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Ten Thousand Sorrows: The Extraordinary Journey of a Korean War Orphan

About the Book

Ten Thousand Sorrows: The Extraordinary Journey of a Korean War Orphan

Nothing has a stronger influence psychologically on their environment, and especially on their children, than the unlived life of the parents.
--Carl Jung, from Paracelsus

Elizabeth Kim knows little of the Korean village where she was born, or the "official" facts of her birth such as its day, month, or year. She knows even less of her father, an American soldier in Korea who deserted her mother, her Omma. But in the four or five or six years that Kim lived in her mother's warm embrace and sheltering shadow, she came to know much about the woman whose love and sorrow, strength and resilience, rebellion and pride, and brutal murder loom large in her life.

A veil of sorrow, slowly parted, is a thing of beauty, an act of faith. And in her memoir, Ten Thousand Sorrows: The Extraordinary Journey of a Korean War Orphan, author Elizabeth Kim shows us how she lifted that veil, and learned to see clearly the sorrows and joys that are the stepping-stones of her life.

Nobody, who has not been in the interior of a family, can say what the difficulties of any individual of that family may be.
--Jane Austen, from Emma

As if witnessing her grandfather and uncle murdering her mother were not trauma enough, Kim is then abandoned at a Korean orphanage where she is a virtual prisoner with little physical or emotional comfort. Months later, Kim's adoption by an American couple puts an end to the physical deprivation and begins a different kind of hardship. Her Fundamentalist adoptive parents may mean well, but they are ill-equipped to give her more than food and shelter, and it is difficult to read their actions as anything but cruel. Kim continues her life having endured more direct trauma by age seventeen than most people have witnessed by age seventy. 

It is seldom indeed that one parts on good terms, because if one were on good terms, one would not part.
--Marcel Proust, from Remembrance of Things Past

Kim's tale continues with her arranged marriage to a Fundamentalist deacon who beats, humiliates, and hates her. She returns that last favor. She also has the strength (and as she admits, weakness) to become pregnant by purposely not practicing birth control, something her husband had insisted upon. Ultimately it is her daughter, Leigh, who gives Kim the strength to leave her brutal husband. Like her Omma, Kim is devoted to protecting and nurturing her daughter. Unlike her, Kim is able to take her daughter and flee.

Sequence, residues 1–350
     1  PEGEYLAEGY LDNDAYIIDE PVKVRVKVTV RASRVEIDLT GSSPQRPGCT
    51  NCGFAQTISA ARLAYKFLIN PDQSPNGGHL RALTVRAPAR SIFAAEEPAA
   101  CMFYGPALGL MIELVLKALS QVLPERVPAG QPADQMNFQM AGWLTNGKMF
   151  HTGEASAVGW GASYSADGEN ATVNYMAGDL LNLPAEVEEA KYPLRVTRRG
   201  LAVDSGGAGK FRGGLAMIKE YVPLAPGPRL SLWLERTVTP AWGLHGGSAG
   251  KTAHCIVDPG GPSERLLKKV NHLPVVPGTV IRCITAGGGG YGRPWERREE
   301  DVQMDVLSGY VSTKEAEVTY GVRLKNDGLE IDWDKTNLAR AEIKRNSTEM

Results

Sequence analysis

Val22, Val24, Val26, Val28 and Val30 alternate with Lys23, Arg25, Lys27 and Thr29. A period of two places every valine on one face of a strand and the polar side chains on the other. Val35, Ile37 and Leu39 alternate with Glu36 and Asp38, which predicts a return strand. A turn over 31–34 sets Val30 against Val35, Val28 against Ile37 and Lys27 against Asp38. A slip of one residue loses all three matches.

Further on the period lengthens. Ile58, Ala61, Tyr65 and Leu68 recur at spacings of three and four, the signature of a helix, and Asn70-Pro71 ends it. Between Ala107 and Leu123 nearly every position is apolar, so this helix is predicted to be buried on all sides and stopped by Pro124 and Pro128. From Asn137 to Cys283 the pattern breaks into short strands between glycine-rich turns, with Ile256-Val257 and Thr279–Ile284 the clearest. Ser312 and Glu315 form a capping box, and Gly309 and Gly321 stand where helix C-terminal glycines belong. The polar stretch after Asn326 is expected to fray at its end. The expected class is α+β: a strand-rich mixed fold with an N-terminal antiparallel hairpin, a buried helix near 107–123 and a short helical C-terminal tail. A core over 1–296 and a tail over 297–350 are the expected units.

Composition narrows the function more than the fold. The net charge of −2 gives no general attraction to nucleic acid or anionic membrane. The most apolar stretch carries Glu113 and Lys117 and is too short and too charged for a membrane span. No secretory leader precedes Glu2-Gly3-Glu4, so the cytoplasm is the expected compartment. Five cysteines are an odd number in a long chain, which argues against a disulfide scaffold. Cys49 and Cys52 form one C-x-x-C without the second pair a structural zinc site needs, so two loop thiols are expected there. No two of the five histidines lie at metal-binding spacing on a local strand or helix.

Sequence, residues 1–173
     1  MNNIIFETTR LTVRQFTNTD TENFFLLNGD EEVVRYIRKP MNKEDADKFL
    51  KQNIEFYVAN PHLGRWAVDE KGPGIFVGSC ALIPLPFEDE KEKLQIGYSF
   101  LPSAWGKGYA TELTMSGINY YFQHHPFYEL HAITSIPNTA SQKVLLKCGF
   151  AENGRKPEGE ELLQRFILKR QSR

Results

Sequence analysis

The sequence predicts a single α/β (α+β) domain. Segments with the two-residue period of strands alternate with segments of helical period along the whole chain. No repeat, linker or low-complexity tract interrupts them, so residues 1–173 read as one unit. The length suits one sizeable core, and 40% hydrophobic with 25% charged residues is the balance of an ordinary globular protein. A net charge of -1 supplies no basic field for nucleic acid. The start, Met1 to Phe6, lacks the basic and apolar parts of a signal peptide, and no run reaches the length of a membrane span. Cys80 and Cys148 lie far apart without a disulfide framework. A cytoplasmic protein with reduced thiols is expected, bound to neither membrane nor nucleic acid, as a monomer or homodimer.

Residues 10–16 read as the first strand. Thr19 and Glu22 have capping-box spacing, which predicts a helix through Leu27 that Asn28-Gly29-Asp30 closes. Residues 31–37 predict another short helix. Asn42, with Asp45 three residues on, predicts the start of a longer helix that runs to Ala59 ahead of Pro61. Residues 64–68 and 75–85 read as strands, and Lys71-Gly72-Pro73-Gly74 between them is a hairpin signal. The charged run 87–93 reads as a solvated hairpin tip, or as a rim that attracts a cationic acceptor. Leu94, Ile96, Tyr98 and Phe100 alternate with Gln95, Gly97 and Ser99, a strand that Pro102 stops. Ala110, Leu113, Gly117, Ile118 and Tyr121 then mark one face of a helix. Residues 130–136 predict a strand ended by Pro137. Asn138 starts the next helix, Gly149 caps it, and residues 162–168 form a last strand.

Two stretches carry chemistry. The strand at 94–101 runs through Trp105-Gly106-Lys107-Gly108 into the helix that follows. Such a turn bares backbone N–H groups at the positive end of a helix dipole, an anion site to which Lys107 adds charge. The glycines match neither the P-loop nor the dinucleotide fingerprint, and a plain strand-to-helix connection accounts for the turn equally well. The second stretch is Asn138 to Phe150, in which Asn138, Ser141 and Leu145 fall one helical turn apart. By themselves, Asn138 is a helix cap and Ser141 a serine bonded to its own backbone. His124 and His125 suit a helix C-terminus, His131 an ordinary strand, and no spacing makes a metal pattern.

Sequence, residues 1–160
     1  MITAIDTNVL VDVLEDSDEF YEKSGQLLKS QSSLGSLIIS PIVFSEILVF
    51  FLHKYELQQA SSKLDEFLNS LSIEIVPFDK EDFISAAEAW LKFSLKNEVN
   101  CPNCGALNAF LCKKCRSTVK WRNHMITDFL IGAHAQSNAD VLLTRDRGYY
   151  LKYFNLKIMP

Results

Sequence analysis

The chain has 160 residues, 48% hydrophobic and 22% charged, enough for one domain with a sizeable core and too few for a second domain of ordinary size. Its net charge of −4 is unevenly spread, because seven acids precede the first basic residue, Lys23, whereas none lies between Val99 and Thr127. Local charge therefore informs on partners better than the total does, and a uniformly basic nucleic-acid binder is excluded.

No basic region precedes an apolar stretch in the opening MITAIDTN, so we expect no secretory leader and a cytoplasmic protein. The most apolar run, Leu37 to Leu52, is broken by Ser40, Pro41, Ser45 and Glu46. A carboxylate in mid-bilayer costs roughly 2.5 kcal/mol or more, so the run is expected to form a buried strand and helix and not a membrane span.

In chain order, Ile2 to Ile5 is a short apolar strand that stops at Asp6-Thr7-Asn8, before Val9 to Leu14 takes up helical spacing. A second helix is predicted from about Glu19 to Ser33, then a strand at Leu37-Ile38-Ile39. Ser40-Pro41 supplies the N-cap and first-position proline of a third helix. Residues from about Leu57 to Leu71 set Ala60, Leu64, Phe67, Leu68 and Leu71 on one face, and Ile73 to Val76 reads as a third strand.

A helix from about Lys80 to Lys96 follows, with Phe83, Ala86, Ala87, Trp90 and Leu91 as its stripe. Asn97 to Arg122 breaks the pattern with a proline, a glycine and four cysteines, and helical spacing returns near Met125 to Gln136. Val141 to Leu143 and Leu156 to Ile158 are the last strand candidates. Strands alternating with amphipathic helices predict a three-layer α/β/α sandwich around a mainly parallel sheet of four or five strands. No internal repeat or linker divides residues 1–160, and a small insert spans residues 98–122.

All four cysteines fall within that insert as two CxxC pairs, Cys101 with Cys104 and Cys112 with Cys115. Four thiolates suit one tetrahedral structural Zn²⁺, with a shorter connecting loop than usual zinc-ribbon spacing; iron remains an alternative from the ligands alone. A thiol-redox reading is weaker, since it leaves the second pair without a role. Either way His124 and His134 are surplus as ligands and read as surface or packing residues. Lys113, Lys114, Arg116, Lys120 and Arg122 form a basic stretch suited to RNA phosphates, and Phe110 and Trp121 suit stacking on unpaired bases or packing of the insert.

A young child knows Mother as a smelled skin, a halo of light, a strength in the arms, a voice that trembles with feeling.
--Annie Dillard, from An American Childhood

At this point, we see Kim gathering her meager resources and shouldering on to give Leigh what her Omma gave her: a childhood with little money but with her a loving presence. And Kim works hard to make a better life for them both along the way. She takes college classes, and finds reporting jobs, first at small newspapers, and then at bigger ones. She scrapes and scraps and struggles, always with her daughter in mind, and always with an eye out for others who, like her, have been brutalized and ill-used by those who are more powerful. She gives everything she can to her daughter, including the truth. 

My religion is loving-kindness.
--Dalai Lama

Once Leigh is in her early teens, Kim begins the journey to her own emotional and spiritual health and healing, which she had, for the most part, disregarded while concentrating on survival. During these years, Kim fights valiantly to reclaim her mother, her dreams, and the child that she was--the child that everyone, even Kim herself, had pushed away. Kim's epiphany of practicing loving-kindness toward herself did not take place in a year or a month or a week or a moment. Instead it was earned and learned over a lifetime of sorrows that she now recognizes travel alongside great joys.

Ten Thousand Sorrows: The Extraordinary Journey of a Korean War Orphan
by Elizabeth Kim

  • Publication Date: September 14, 2012
  • Hardcover: 240 pages
  • Publisher: Doubleday
  • ISBN-10: 0385496338
  • ISBN-13: 9780385496339